On the call, Levinson was joined by members of a separate but symbiotic movement, Keep Stanford Wrestling, as well as a prominent member of the higher education community: Kristina Johnson, president of Ohio State University and a former Stanford field hockey athlete. Johnson, the U.S. secretary of energy under Barack Obama, expressed the need for a broad-based educational system and encouraged Drell to grant permission for the programs to return as self-funded teams.

I love everything about this. Stanford's own administration isn't going to support those athletes, so she'll do it. And she can do it from a position of authority as someone who leads a university with an even bigger athletic department.

And again, I cannot emphasize enough how remarkably different Dr. Johnson is than her predecessor on this front. Not only would Michael Drake never do anything like this, but he would also have been the "empty suit" on the other end of the phone.

If this tells you anything about the future of the Ohio State athletic program, it's that she's going to fight like hell for it, and athletics certainly won't be an afterthought to her.

She's been about that action so far, even before she was officially hired.

 NO MORE FAKING IT. We've all seen it – an offense is rolling down the field against a gassed defense that's getting shredded like mild cheddar at Skyline Chili. Then, all of the sudden, a defensive tackle somehow sprains his ankle while walking to the line of scrimmage.

It's painfully obvious when it happens, but so far the only punishment has been a spattering of boos from the crowd and a rule that the injured player must come out of the game for one (1) play before returning to action.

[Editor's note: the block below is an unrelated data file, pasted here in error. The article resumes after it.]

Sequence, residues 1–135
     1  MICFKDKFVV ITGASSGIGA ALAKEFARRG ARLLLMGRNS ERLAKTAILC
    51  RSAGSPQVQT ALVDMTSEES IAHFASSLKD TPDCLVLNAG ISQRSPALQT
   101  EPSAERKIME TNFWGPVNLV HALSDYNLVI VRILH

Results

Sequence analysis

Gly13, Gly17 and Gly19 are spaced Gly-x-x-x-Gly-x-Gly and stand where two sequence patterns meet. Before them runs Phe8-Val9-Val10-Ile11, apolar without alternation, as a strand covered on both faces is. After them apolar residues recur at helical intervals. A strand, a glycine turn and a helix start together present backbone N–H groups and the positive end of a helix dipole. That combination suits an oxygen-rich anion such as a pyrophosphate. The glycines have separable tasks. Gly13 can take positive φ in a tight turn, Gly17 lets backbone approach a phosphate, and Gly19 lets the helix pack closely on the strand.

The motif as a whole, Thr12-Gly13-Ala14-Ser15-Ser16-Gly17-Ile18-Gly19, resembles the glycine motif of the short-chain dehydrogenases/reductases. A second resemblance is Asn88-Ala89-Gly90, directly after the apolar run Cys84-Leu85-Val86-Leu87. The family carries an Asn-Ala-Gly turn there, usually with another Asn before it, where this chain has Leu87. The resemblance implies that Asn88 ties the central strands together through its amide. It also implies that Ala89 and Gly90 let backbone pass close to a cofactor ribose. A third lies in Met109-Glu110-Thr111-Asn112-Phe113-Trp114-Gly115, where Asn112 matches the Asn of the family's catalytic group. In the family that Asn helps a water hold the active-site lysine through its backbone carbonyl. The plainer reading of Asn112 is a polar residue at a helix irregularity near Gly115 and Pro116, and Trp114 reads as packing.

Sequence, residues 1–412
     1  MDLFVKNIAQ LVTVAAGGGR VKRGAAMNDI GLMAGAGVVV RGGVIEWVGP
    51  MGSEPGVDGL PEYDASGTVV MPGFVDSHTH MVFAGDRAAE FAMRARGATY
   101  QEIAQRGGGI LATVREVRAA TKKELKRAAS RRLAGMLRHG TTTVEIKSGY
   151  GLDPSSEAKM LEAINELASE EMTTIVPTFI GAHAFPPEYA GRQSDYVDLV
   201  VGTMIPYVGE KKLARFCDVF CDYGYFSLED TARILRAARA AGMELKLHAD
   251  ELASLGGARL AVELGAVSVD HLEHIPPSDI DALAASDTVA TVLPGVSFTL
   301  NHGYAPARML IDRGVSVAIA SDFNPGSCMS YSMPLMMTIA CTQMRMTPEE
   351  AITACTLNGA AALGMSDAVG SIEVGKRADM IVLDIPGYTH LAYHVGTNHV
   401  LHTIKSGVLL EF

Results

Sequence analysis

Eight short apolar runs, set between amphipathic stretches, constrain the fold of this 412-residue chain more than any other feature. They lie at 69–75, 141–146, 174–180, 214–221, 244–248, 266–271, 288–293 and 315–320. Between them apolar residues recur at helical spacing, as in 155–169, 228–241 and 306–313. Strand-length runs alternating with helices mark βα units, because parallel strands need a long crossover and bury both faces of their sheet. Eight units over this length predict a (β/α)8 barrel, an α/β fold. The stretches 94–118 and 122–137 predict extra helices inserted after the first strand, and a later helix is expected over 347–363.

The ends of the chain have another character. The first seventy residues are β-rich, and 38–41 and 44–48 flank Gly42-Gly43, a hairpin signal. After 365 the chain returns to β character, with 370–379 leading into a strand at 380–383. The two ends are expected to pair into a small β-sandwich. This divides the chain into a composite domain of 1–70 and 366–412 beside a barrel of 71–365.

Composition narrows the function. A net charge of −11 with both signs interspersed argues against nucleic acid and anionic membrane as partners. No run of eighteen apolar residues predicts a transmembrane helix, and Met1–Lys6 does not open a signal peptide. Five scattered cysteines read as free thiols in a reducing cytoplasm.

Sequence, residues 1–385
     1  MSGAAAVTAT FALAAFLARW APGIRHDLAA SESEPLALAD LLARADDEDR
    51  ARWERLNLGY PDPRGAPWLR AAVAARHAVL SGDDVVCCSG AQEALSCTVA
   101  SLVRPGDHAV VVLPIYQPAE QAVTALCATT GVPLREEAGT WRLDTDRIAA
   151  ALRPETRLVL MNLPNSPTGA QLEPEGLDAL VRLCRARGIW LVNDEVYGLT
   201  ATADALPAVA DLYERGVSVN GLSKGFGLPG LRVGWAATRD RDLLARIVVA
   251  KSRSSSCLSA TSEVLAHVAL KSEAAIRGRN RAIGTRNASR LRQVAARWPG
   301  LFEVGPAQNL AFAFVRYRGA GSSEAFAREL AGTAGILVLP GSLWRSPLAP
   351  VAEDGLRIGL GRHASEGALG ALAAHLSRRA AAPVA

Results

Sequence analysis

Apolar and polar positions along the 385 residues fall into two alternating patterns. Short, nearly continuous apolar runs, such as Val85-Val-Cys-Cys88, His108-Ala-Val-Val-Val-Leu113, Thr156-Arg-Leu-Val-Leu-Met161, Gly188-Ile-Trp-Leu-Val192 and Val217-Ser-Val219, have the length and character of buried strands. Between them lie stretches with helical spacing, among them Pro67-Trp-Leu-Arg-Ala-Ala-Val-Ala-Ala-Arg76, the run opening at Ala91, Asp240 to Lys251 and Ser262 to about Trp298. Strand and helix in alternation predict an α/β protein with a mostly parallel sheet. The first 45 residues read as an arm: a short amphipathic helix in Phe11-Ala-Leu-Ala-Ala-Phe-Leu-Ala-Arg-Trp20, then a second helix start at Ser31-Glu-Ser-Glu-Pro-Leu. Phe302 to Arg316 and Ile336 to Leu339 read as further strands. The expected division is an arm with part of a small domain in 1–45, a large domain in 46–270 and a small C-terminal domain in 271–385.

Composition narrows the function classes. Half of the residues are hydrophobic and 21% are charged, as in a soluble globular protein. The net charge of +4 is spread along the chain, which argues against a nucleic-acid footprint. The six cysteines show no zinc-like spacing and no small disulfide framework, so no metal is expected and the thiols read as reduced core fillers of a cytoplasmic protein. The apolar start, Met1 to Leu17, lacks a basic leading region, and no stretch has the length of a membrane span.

If it pisses you off, just imagine how much it pisses the opposing coaches off. And they're finally pissed off enough to demand something be done about it.

"Our ethics committee, which suggests rules changes to the NCAA, said by unanimous consent that this has got to stop," said AFCA executive director Todd Berry. "So they asked the rules committee to do something about it. It's bad for football."


Hoping to avoid a rule that would inevitably punish legitimate injuries as well as fake ones, the rules committee decided to let it be known among coaches and administrators that it was prepared to act if those in the sport didn't move to stop the practice of faking injuries immediately. A tape of questionable injuries was sent to all FBS programs as a quasi warning.

"We did not eliminate the feigning injuries," Shaw said. "Even if you just watched the bowl season, you saw some peculiar actions."

Berry said that while they saw some decline in the number of questionable injuries, it wasn't nearly enough, adding that "any of it is bad."

"It's time," Berry said. "... There needs to be a harsh deterrent."

I don't know what "a harsh deterrent" could be, but I'm all for whatever it is. They'll probably just force teams to use a timeout like the NFL and penalize them if one isn't available Pretty uncreative, but it's better than nothing!

 I SEE YOU, KALEB. It looks like Ohio State's basketball school powess extends to the NBA G League, too, cause Kaleb Wesson is out here putting the Santa Cruz Warriors on his back.

Good to see Wesson carrying on that rich Buckeye tradition in Santa Cruz, following in former Defensive Player of the Year (and D-League champ!) Aaron Craft's footsteps.

 SONG OF THE DAY. "My Love" by Justin Timberlake.

 NOT STICKING TO SPORTS. A man set fire to his lawn to get rid of snow and ice... How animals perceive time... A family is fighting for the return of a deceased tattoo artist's preserved skin... A Ukrainian man invents a murder to get the police to clear snow from his road... Frank's RedHot sauce will soon come in a sandwich-ready 'slice' form...